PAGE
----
Gov. Inslee’s new regional approach to reopening in Washington state allows some businesses, like fitness centers, to reopen as of Monday in a limited way, but most other restrictions will remain for North Central Washington.
So far, there are just two phases for Inslee’s Healthy Washington plan announced Tuesday, and Chelan, Douglas, Grant and Okanogan counties, which are lumped together in the North Central region, will be in Phase 1 when the plan kicks in Jan. 11.
Advancing to Phase 2 will require meeting metrics the four-county region is not currently meeting.
Phase 2, unlike Phase 1, allows indoor restaurants and bars to reopen at limited capacity, as well as easing restrictions on gatherings.
To move to Phase 2, there needs to be a two-week decline in COVID-19 cases; a two-week decline in hospital admissions; a decline in hospital intensive care occupancy and a coronavirus positivity testing rate of less than 10 percent.
ICU at the hospital at maximum capacity
COVID-19 rates have been on the increase in all four counties in the North Central Region since November, though a December surge in new cases has shown some leveling off in the past two weeks.
The occupancy rate of COVID-19 patients at Central Washington Hospital has shown some decrease since its December highs, but the hospital’s intensive care unit is at “maximum capacity” this week, said Andrew Canning, public information officer for Confluence Health.
There were 29 coronavirus patients at the hospital as of Tuesday, 14 in the ICU, with all but one of those patients on a ventilator.
In mid-December the hospital had as many as 37 COVID-19 patients at one time but the number of patients in ICU never reached this level.
“We have had many non-COVID patients also requiring ICU care,” Canning said Tuesday. “The combination of COVID and non-COVID patients has kept our ICU at maximum capacity over the past 2 days. Currently, due to a shortage of additional ICU staff and beds, we have had to go on ‘ICU diversion’, meaning we may send some patients requiring ICU care to other hospitals.”
New cases rates show slow increase
In addition, though the percentage of new cases in Chelan and Douglas counties is down substantially from its December highs, the past two weeks have seen small increases, which does not meet Inslee’s standards for moving to Phase 2.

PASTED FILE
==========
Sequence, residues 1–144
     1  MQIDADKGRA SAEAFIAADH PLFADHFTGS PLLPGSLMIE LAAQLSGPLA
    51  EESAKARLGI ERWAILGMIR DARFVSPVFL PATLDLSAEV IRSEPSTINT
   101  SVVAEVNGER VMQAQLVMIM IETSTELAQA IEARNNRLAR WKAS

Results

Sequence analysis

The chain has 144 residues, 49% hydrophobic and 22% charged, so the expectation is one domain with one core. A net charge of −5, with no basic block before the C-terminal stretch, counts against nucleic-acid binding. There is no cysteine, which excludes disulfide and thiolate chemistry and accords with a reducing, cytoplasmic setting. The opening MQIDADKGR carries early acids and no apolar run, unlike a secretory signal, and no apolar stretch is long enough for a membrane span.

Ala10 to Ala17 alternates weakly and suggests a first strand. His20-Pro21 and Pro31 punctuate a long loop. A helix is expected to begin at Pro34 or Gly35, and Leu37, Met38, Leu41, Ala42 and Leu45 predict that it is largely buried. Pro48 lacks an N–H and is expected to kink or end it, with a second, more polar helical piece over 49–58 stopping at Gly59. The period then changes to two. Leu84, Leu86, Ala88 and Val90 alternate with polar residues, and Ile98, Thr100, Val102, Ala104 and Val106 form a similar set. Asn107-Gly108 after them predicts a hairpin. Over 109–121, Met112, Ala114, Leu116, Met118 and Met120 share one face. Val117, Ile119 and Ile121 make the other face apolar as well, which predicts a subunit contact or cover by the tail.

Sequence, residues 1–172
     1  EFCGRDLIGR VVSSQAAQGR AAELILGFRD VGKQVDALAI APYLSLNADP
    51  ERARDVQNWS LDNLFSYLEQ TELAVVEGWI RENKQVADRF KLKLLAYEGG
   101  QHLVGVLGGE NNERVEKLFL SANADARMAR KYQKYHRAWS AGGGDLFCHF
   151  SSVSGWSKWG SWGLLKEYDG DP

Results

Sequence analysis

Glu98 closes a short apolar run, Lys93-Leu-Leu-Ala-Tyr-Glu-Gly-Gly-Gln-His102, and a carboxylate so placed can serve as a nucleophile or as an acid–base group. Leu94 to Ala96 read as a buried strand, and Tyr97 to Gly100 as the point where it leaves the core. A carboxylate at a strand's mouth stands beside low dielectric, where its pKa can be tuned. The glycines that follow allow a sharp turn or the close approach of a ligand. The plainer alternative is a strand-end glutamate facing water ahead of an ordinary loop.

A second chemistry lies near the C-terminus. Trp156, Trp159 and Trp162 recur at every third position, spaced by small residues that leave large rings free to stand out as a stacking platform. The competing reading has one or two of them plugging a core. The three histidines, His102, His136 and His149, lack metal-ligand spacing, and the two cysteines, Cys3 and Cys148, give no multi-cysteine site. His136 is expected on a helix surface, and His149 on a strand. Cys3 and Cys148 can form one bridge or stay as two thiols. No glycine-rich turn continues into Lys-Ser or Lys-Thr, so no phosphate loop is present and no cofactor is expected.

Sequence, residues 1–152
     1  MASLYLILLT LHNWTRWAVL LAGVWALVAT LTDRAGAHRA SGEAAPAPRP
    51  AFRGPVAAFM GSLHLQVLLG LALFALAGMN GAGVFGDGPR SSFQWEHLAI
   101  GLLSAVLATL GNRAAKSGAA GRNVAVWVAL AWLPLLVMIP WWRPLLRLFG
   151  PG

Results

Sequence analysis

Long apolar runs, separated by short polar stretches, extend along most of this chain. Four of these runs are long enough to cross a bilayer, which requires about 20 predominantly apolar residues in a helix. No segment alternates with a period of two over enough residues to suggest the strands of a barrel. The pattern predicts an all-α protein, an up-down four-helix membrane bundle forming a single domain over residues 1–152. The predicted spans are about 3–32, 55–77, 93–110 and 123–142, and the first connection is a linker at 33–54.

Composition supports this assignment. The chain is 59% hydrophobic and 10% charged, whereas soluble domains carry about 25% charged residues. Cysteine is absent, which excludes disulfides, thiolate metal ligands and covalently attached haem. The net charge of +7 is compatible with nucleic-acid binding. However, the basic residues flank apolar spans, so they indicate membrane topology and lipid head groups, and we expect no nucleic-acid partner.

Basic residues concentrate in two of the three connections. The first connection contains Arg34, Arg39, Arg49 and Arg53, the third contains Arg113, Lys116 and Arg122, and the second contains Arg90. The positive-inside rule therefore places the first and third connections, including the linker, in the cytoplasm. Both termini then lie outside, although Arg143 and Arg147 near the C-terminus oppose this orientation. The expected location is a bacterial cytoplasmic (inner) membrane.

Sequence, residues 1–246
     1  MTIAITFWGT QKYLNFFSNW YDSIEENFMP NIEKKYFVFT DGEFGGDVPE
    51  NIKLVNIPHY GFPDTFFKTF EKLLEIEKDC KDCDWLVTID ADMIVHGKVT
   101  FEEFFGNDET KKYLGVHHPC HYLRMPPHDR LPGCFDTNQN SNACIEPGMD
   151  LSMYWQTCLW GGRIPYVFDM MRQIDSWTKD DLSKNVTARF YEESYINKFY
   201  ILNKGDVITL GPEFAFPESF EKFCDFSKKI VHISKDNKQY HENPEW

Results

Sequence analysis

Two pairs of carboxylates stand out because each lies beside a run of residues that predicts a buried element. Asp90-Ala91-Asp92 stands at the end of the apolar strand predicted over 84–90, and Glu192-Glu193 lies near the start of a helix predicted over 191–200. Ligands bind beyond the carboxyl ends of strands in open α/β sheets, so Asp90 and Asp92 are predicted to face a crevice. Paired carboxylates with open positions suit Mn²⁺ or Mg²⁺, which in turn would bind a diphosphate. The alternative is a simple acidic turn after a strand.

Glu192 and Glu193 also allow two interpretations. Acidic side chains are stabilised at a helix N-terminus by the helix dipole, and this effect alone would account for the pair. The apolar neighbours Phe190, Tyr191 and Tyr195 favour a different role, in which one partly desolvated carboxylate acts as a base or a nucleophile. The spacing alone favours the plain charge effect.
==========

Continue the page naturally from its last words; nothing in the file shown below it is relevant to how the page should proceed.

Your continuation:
The two counties combined on Wednesday reported a rate of 693.9 new cases per 100,000 population over the past two weeks, up from 666.5 last week.
Grant County’s latest numbers, according to the state Department of Health, are at 650.2 new cases per 100,000 residents in the past two weeks.
As of Tuesday, Okanogan County was at 479.8 new cases per 100,000 population over the past 14 days.
Unlike Inslee’s previous four-phase reopening plan, counties that have met Phase 2 metrics can automatically be moved back to Phase 1 if they don’t continue to meet at least two of the metrics.
But there is language in Inslee’s order that could change how counties reopen, especially when the COVID-19 vaccines become widely available.
“DOH and local health departments reserve the right to move a region outside of this timing, and additional phases may be added as the state’s COVID-19 situation changes with continued vaccine distribution and other changes in public health response,” the Health Washington plan reads.
Gym owner says it’s a win for his business but a loss for restaurants, bowling alleys and theaters
But Inslee’s new plan came as welcome news to Blair McHaney, owner of Worx gyms in the Wenatchee Valley.
McHaney said he plans to reopen his facilities Monday, following the restrictions outlined in Inslee’s plan
Speaking as president of the Washington Fitness Alliance, McHaney said in a video Tuesday that “the big win here is that fitness can reopen in Phase 1.”
“The biggest disappointment that I personally have in this is that restaurants, bowling alleys and theaters were largely left out in Phase 1,” McHaney said. “I think they all can control and operate safely. … Businesses should not be left behind, and small businesses especially should not be left behind.”